L'Ombre de l'Olivier

The Shadow of the Olive Tree

being the maunderings of an Englishman on the Côte d'Azur

26 February 2009 Blog Home : February 2009 : Permalink

A Dollar For A Default?

Something I've been wondering about recently is who will buy all the government bonds that the US (and UK etc. but this is primarily a US-centric post) governments will have to issue shortly to pay for all the banks they just bailed out. Once upon a time US banks and other investors used to buy them - perhaps they still will but one wonders how much disposable dosh they have available. Until recently there were a couple of major foreign buyers of US bonds - Asian governments and the sovereign wealth funds of oil-rich states. Both bought because - in large part - that was one way to handle the trade surplusses they had with the world and the US in particular.

[Basic economics says that total currency flows have to balance so if you've just sold a wodge of stuff and got a load of US dollars you have to buy something in US dollars of equal amount (or keep it under the mattress I guess). While global trade is not a zero sum game (see Ricardo et al) currency transactions are, hence the fall of currencies no one wants. Hence, if a state wishes to sell stuff to the US at a good local currency price then it helps if it's currency is relatively weak compared to the US$. One way to make sure the US$ remains relatively strong is to stimulate demand for US$ products like treasury bonds].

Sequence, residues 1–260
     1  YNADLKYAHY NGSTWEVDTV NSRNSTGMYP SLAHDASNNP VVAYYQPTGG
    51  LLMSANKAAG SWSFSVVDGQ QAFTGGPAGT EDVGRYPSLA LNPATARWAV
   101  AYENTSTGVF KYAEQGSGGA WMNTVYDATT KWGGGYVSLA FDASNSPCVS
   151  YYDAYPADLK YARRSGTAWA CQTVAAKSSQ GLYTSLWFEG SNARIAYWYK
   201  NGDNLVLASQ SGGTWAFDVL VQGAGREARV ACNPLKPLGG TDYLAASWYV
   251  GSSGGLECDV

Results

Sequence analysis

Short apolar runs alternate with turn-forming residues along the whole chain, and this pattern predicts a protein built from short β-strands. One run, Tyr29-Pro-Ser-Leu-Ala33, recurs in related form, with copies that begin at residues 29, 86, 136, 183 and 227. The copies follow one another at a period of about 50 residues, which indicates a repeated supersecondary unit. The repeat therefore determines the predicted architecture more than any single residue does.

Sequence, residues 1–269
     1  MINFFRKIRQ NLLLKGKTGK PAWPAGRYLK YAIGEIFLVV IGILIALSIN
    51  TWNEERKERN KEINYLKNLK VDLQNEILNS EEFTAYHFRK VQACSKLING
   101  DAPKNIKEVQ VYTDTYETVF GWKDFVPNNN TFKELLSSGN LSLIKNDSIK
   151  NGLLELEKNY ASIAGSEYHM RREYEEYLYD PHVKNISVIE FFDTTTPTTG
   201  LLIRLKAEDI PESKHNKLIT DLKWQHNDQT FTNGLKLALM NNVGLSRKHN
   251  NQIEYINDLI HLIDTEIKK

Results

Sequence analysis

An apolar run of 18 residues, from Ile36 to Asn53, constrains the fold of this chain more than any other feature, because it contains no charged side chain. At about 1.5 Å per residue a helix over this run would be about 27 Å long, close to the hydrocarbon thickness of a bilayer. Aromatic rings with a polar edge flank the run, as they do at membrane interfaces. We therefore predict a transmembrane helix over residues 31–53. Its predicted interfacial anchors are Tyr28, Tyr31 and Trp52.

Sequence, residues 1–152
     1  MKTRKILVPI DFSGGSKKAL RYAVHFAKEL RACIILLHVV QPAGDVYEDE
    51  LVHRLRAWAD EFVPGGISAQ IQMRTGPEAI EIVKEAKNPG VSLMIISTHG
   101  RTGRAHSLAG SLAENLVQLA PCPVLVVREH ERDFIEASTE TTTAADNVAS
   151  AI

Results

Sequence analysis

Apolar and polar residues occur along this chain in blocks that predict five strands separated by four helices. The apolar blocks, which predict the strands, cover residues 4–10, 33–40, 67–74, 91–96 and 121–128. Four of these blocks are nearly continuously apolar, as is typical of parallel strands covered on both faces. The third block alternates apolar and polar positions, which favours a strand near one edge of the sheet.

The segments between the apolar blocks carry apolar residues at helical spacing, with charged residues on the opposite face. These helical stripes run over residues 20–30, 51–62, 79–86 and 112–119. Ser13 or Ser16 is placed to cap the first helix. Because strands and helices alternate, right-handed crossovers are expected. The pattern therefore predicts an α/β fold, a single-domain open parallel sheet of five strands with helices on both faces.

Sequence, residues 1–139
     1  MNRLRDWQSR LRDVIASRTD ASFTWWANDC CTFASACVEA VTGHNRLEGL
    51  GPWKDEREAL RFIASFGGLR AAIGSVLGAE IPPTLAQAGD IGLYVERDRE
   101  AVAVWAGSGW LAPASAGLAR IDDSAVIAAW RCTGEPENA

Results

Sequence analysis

But there's a tiddly little problem. The current credit crunch and the resulting recession means that the Asian countries aren't exporting much to the US anymore and the collapse of the oil price means the sovereign wealth funds have less money to invest. So umm the US government, if it wants these people to continue to invest in US goverement bonds it needs to make them more attractive.

Typically thise means increasing the interest rate. But here is where the train starts to derail. The US government (and everyone else) wants low interest rates because high interest rates will be the final nail in the housing market and also kill all those businesses that run an overdraft (which is practically all businesses). So since the government really really wants people to contine to lend to US businesses and would be home owners it has to keep US bonds low because no sane investor is going to lend to a business or individual at a lower rate than it lends to the government (and insane investors with lots of money to invest are thin on the ground).

This is a bit of a bugger. The US government needs lots of people to buy its bonds so that it can stimulate the economy and rescue banks and so on. But it also needs people to continue lending to the rest of America and there's a lot less money floating around looking for a home. And this money is simply looking for the best return at the lowest risk. So if US treasury bonds (risk == 0) are at a higher rate than riskier loans to US homeowners or businesses then no one is going to lend any money to the latter.

Which makes the whole recession thing worse.

The only way I see to square this circle is for the perceived risk of US treasury bonds to be higher than that of deadbeat mortgage borrowers and businesses. And so I'm very very glad to see this Samizdata article warning that under some circumstances the US citizenry might decide to let their government repudiate a chunk of its debt.

Of course if the US government does in fact default on some or all of its debt then we'll be seeing a bunch of painful consequences elsewhere (including the collapse of the US$) so I'm not sure how realistic this sort of warnign is. But if it is sufficiently credible to keep people actually buying US treasury debt its probably worth it,